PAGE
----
Does something strike you as odd in the feature image? I mean, what could possibly go wrong, right? Towing a vehicle behind an RV really boils down to two basic things—preparation and common sense, people. Let’s break down the methods of towing a vehicle, and how to decide what’s best for you.
America’s Favorite Pastime
Hopping in the ol’ RV and hauling the family to the best campgrounds across the country is a growing trend. Rvia.org reported that more than 500,000 RV shipments were made in 2017. That’s a significant increase over the 430,000 shipped the previous year. Seeing more and more RVs filled with happy families motoring along the freeway is a breath of fresh air after many years of postponed travel plans due to the Great Recession.
When pulling up to a stop light or breezing past smiling faces on the highway, most of us see the same set-up. A camper or RV trailer hooked up to the rear of a full-sized pickup truck. But every now and then, we spot a big motorhome towing a car behind it. (Hopefully not as irresponsibly as the one in the picture above.) It can seem a little extra—towing a vehicle behind an RV that already has driving capabilities—but it’s actually quite practical. Running errands, as well as driving and parking downtown, is significantly less stressful when you’re not trying to maneuver a 29-foot beast down an adorably narrow historical cobblestone street in Philly. (What we won’t do for a cheesesteak, right?)
Consider Your Options
Hooking a vehicle up to the rear of an RV can be done in a few different ways. The method mostly depends on the type of vehicle, size of budget, and/or the level of patience an owner possesses. In most cases, any vehicle can be rolled onto a flatbed trailer and then towed around. Similarly, a tow dolly can be used in which the front wheels are rolled up and secured, leaving the back wheels down on the ground. And lastly, depending on design and size, a tow bar can be used which allows a vehicle to tow behind with four wheels flat on the ground.
Option 1 is a pretty easy job. The vehicle is secured to the trailer and then the trailer lights are hooked up along with the braking system (if present). Option 2 is also a fairly simple operation. The front tires are rolled up onto the dolly, secured, and then trailer lights (and/or brakes) are hooked up the same as they would on a flatbed. Unfortunately “simple” doesn’t always mean “hassle-free,” and these two methods can still cause some headaches.
Stowing a flatbed trailer or tow dolly at a campsite (or even at home) can be a major pain. Some campsites even charge extra for the use of premium space. And while flatbeds are definitely the safest option, they’re heavy and can be very expensive.
Dollies, on the other hand, are definitely lower in price but require a lot of time to attach and unload. Additionally, towing an all wheel- or four wheel-drive vehicle requires disconnection and removal of the drive shaft to protect the transmission, since the process requires the front wheels to remain locked while the back tires spin freely. What’s more, if you’re the type of driver who always seems to hit a pothole square in the kisser, that dolly can cause some significant damage to your towed vehicle. Just the way you wanted to start your vacation, right?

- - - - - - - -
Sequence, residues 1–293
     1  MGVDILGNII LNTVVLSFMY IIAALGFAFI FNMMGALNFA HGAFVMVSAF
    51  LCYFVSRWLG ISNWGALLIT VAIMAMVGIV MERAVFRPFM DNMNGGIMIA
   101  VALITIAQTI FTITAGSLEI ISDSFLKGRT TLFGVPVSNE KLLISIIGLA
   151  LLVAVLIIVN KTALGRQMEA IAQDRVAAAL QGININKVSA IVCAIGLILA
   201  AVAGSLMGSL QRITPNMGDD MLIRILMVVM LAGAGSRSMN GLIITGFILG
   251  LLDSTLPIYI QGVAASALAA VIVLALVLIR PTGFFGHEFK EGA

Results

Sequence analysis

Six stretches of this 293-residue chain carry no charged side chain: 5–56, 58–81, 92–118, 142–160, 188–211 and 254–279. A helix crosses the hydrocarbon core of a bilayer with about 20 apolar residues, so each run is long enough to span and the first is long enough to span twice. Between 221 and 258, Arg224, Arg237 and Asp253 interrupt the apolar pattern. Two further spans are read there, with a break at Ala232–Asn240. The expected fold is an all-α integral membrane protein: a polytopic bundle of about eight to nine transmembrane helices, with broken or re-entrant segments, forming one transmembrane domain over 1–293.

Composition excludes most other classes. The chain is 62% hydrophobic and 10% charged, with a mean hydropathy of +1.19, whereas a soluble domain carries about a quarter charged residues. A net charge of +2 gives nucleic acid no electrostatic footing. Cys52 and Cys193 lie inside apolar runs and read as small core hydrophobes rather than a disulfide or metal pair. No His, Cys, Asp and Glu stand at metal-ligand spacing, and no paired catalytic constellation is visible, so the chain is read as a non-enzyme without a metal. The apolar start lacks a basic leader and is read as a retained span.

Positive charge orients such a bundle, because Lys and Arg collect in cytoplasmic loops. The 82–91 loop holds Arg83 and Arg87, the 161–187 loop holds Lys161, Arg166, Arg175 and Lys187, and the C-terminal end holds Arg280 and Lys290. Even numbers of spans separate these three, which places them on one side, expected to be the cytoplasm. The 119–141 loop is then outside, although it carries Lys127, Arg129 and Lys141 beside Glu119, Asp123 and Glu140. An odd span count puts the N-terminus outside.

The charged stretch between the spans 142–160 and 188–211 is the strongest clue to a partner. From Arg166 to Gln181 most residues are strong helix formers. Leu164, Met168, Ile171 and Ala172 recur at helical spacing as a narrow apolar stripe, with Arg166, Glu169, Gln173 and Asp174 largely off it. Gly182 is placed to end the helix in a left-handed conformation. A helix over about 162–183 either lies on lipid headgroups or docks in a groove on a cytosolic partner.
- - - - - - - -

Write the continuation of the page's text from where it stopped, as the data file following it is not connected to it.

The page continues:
To add insult to injury, when using a tow dolly, you can’t back up. Okay you *can* but it’s a great way to damage the dolly, the vehicle, and/or the motorhome, void a warranty, cause jackknifing, and become the pariah of the campground. Your kids already hate you for dragging them to a place with no WiFi. Don’t add fuel to the fire.
Four Wheels Down
That’s not to say that Option 3–the tow bar–is perfect either. Also referred to as ‘towing four down’, this method can be a bit more complicated. First, there’s a limited number of vehicles that can be hauled this way (without modifications), mostly because of the transmission system. Second, a little more initial set-up is required. A base plate is installed on the car, a tow bar for the motorhome, and an auxiliary braking system to boot. This isn’t always a DIY-job, and you could be looking at hundreds or thousands of dollars in parts and installation fees. Wiring will also need to be installed in order to properly operate the lighting.
Four down has its advantages, though. Alignment is easy; and after the initial installation, attaching and unloading a vehicle is a piece of cake. Additionally, turning radius is generally better and tow bars are very easy to stow away when not in use. Unfortunately, if you want to do this process the safest way (and that means investing in a quality braking system) it’s gonna cost ya. Compare that to a flatbed or tow dolly that can be rented, and your wallet may have just decided for you.
In any situation, safety chains and security chains are a must. Also, remember to practice smart habits and ensure that everything is in proper operating condition before taking off. Obey towing speeds and always go overkill on safety. That means bringing spare tires for your trailer or dolly, stopping periodically to check on straps, and properly lubing the transmission if needed.
A trailer may have a hard time overturning an RV, but if it becomes unstable it is a serious danger to everyone on the road. Keep that in mind next time you’re cruising down the highway. And finally, practice makes perfect. If you’re new to towing, or just really bad at it, grab a friend for a spotter and practice in a big (preferably empty) parking lot. Better you make a mistake there than at the campground where everyone’s watching…and judging.